Third Way: Gang Of Six Compromise Is The Only Game In Town

Ignore the obvious Fox spin from Gretchen Carlson and the Washington Examiner guy who thinks Paul Ryan walks on water in this clip and listen to Jim Kessler from Third Way tell us that the "Gang of Six" compromise which hasn't been reached, hasn't
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Ignore the obvious Fox spin from Gretchen Carlson and the Washington Examiner guy who thinks Paul Ryan walks on water in this clip and listen to Jim Kessler from Third Way tell us that the "Gang of Six" compromise which hasn't been reached, hasn't been unveiled and contains no specifics is the "only game in town."

This stuff drives me crazy for a number of reasons, not the least of which is this notion that we'll "all hate it", which means we should "all like it." It drives me crazy mostly because it suggests that there are no real creative ways to look at deficit reduction and begins with the presumption that taxes cannot be raised to deal with the deficit.

Here are the Senators who comprise the Gang of Six: Mark Warner (D-Va.), Saxby Chambliss (R-Ga.), Mike Crapo (R-Idaho), Dick Durbin (D-Ill.), Kent Conrad (D-N.D.) and Tom Coburn (R-Okla.)

Does anyone really think a group that includes Coburn, Crapo, and Chambliss will arrive at a compromise that involves a tax increase? I certainly don't.

My problem with Third Way is where they start. They frame the entire debate by calling the progressive approach "Soak the Rich" and the conservative approach "Starve the Beast." Neither are accurate, given that progressives have argued for fairness in the tax code and not a soaking, while conservatives aren't as interested in starving beasts as they are in shifting where the beast is fed and who feeds it.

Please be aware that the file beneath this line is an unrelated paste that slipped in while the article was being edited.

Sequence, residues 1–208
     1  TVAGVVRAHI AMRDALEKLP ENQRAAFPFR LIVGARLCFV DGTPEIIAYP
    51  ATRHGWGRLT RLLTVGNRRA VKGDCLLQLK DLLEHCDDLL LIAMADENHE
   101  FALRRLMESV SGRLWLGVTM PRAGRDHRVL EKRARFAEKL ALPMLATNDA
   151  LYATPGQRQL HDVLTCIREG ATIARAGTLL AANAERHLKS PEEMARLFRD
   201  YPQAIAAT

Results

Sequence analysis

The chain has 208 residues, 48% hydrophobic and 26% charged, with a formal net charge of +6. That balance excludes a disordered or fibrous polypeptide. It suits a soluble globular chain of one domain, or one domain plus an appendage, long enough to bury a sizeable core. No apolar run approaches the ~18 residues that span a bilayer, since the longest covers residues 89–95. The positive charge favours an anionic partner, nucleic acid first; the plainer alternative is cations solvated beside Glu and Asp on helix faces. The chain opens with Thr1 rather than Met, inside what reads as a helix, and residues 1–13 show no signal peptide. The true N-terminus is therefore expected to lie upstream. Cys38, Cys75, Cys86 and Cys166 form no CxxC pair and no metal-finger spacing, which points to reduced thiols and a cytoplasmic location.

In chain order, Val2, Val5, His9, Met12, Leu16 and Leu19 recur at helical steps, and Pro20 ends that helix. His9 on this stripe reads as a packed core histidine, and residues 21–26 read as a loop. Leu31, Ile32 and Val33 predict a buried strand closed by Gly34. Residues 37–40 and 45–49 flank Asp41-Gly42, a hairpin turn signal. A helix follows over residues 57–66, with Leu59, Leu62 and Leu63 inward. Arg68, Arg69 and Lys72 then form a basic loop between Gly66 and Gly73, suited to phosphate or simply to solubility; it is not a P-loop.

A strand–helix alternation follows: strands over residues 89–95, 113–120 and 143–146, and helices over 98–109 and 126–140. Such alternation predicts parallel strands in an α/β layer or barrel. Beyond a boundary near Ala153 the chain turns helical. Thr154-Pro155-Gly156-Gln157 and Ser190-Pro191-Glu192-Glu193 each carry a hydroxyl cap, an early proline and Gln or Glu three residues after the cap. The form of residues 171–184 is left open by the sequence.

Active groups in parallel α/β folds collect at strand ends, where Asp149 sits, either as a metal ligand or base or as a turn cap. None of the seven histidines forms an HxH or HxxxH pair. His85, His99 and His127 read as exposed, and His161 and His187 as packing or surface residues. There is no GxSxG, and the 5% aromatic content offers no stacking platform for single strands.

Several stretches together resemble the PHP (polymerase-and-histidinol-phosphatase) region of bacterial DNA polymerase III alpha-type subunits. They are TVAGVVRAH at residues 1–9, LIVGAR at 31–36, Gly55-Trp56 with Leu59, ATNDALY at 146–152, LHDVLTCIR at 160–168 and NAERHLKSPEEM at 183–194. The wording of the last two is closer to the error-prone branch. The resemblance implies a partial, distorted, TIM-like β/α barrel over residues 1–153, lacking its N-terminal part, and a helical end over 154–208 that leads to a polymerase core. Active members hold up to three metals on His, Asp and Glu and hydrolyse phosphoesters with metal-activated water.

While they haven't unveiled specific ideas yet, it seems clear that they're already pushing for their plan to be the only plan that makes sense, and to cut off debate -- an option I find unacceptable. The Progressive Caucus has ideas that make sense, and are not "soaking" the rich as much as they are a way to make tax burdens fair to all -- corporations, middle class, and wealthy alike.

The entire debate is being framed too widely at this point, anyway. Social Security should come off the table, except to the extent that the payroll tax is adjusted as the original formula intended. The tax code needs to be overhauled. In my view, any deficit reduction package that amends the tax code as it exists today is not reform, since it's loaded with sunset provisions, obscure tax breaks for one or two companies all over it, and other inconsistent and mostly unintelligible footnotes that give billions away to the high-end earners.

Going on Fox & Friends and telling viewers it's our way or no way is not a third way. It's just what conservatives do on a near-daily basis. Surely we can do better than that.

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